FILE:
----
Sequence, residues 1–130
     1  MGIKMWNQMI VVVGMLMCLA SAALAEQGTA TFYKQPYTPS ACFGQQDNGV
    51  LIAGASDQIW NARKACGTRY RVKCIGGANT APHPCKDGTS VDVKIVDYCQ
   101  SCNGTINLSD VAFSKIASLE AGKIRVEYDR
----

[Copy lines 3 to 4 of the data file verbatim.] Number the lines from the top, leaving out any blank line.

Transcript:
    51  LIAGASDQIW NARKACGTRY RVKCIGGANT APHPCKDGTS VDVKIVDYCQ
   101  SCNGTINLSD VAFSKIASLE AGKIRVEYDR